|The legacy of Chris Kyle comes into question.|
American Sniper was a best selling book and a blockbuster movie. It's the story of Chris Kyle, one of the U.S. military's best marksman. He was a U.S. Navy Seal who claimed he had bucked numerous enemies.
There are some in the junk food media questioning his tales of heroics. Could it be nothing more than a farce?
There's a report circulating on the liberal agitation websites disputing some of Kyle's years of service.
The Intercept reports that Kyle embellished his military record, according to internal Navy documents obtained by The Intercept. During his 10 years of military service and four deployments, Kyle earned one Silver Star and three Bronze Stars with Valor, a record confirmed by Navy officials.
Kyle was warned at least once before American Sniper was published that its description of his medal count was wrong, according to one current Navy officer, who asked not to be identified because he was not authorized to speak about the case. As Kyle’s American Sniper manuscript was distributed among SEALs, one of his former commanders, who was still on active duty, advised Kyle that his claim of having two Silver Stars was false, and he should correct it before his book was published.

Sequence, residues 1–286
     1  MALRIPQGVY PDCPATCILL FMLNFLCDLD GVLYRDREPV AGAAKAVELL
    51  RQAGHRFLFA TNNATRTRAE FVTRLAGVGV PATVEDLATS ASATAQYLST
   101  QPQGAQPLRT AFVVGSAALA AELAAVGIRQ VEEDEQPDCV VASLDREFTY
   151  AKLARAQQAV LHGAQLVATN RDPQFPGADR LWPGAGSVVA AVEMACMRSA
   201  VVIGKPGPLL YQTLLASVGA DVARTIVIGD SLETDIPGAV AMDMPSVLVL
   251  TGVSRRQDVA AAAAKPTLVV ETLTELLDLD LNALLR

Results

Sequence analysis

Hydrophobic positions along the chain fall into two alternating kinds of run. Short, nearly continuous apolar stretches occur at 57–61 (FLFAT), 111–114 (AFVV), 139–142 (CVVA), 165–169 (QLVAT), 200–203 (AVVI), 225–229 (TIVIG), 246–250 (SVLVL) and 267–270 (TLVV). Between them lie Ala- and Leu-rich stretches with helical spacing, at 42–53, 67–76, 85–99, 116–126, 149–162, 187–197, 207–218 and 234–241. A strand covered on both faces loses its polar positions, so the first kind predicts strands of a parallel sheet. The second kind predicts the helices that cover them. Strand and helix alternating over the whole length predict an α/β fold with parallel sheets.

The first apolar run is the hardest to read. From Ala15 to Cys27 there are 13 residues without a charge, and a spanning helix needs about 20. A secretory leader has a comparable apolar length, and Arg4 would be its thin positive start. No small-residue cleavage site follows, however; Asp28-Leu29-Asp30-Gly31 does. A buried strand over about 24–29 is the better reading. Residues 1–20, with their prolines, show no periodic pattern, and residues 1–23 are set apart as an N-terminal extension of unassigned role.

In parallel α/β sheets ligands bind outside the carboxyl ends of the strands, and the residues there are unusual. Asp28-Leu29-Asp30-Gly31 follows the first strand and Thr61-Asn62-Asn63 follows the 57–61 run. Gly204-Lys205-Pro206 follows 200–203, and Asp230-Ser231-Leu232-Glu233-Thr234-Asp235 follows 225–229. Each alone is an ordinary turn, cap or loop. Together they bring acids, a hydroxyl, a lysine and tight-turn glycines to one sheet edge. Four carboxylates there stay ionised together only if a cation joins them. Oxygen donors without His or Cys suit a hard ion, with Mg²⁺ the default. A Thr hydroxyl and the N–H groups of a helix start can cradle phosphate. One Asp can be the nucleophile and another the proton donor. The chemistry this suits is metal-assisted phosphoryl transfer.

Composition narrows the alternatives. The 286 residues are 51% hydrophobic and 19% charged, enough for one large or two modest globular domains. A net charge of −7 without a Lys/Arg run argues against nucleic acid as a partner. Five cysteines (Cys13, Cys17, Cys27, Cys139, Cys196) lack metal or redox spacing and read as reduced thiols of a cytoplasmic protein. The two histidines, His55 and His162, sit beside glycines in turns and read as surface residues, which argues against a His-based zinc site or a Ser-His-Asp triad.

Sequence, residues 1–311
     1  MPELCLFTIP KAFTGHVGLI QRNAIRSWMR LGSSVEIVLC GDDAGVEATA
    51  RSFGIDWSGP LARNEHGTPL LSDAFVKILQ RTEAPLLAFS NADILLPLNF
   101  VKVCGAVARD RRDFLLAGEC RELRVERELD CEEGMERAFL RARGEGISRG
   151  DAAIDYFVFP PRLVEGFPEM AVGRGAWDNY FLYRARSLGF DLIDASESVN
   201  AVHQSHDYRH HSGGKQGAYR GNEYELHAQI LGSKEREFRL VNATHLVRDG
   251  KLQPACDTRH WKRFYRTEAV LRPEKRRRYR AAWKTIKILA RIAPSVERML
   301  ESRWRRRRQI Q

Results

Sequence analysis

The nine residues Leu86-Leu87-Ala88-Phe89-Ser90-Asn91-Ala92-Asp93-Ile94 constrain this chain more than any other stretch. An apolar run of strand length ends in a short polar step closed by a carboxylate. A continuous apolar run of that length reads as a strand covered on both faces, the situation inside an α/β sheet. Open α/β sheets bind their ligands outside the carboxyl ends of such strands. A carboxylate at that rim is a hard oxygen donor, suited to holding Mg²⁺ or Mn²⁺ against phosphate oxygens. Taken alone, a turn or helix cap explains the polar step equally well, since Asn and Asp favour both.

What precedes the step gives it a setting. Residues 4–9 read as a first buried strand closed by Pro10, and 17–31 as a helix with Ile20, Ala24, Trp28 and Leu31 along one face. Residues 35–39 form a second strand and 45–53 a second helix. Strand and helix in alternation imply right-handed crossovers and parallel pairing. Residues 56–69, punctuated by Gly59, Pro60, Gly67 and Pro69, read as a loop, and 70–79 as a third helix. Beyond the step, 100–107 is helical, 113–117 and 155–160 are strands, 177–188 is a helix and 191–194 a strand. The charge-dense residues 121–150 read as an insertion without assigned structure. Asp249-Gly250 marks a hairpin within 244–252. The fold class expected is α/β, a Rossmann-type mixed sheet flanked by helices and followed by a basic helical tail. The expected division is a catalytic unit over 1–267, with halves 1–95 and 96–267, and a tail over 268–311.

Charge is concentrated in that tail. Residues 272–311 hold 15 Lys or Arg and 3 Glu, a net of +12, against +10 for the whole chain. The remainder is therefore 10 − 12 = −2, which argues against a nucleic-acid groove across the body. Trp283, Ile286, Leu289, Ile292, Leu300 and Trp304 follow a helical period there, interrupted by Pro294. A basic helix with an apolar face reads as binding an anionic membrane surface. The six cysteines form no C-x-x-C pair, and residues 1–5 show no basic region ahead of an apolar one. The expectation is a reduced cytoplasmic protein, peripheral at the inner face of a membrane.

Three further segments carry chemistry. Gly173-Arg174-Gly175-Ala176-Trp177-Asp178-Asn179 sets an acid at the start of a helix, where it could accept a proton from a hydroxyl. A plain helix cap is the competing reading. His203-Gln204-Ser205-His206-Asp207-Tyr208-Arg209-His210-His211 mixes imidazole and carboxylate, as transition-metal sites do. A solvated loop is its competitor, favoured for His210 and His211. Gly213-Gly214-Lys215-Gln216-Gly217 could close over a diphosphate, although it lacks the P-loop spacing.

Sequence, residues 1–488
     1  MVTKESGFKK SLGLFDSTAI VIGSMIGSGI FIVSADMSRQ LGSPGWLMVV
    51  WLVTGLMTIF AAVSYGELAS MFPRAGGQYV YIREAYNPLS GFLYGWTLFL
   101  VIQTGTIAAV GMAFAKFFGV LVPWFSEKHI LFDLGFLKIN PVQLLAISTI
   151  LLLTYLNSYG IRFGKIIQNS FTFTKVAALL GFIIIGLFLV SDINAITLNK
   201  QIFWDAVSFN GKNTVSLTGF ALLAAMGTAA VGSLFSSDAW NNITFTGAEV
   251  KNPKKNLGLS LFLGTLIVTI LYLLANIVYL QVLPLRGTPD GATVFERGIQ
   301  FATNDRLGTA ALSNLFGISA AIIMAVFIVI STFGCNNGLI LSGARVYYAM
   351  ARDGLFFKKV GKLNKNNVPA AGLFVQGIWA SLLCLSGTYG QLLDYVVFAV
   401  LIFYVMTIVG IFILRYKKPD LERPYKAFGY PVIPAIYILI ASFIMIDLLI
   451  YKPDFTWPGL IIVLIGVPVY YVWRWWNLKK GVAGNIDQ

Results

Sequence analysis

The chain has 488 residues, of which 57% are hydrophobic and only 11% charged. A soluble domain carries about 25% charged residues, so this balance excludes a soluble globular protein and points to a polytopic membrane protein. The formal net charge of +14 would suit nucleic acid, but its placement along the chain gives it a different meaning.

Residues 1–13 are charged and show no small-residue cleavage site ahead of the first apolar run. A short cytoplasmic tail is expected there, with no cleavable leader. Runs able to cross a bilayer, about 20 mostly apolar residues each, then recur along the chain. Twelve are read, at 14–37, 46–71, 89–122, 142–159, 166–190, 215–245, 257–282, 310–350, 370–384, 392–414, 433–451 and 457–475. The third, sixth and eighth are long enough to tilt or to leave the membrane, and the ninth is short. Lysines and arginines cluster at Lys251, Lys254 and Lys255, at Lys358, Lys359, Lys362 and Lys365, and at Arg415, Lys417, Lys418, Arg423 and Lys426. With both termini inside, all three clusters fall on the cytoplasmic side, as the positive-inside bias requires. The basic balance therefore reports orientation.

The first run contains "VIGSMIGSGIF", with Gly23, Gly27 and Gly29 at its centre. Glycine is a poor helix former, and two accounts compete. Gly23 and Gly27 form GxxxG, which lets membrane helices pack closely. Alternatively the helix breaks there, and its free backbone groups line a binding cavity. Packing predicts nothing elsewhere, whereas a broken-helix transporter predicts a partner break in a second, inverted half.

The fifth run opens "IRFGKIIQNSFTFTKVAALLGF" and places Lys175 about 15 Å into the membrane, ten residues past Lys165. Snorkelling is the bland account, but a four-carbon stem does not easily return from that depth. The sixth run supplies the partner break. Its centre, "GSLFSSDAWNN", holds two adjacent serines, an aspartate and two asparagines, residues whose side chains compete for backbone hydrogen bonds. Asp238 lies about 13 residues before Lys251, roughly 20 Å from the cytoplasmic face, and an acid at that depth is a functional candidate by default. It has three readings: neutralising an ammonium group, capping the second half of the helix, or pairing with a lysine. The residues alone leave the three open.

Current and former Navy SEALs interviewed for this article, who agreed to speak on background because they feared being shunned by their close-knit community, did not dispute Kyle’s heroism in combat, but saw the inflation of his medal count as significant because they consider battlefield embellishments to be dishonorable.
The Silver Star, the third-highest award given for battlefield conduct, is considered a prestigious commendation.
The discrepancy raises new questions about Kyle’s credibility and highlights a continuing controversy in the SEAL community over members exaggerating or distorting their war records. In one high-profile controversy, two members of SEAL Team 6 engaged in a public dispute over who deserved credit for the fatal shots that killed Osama bin Laden.
Within the military community, embellishing medals and achievements — so-called stolen valor — is considered a serious ethical violation. In 1996, Adm. Jeremy Boorda, who was then the highest-ranking uniformed naval officer, committed suicide after questions were raised about two valor pins — known as “devices” — he wore on his uniform for service during the Vietnam War. It was later determined that he was not authorized to wear the “V” devices.
According to two current Navy officials, inaccurate information about Kyle’s awards is also contained in his separation document, known in the military as a DD214, which usually reflects a veteran’s official service record. Kyle’s DD214 form, which lists two Silver Stars and six Bronze Stars with Valor among his decorations, also differs from the number of Bronze Stars with Valor — five — that Kyle listed in his book.
There's more accusations from Intercept but I'll leave that up to you to read.
Kyle was killed by a deranged terrorist who suffered from PTSD.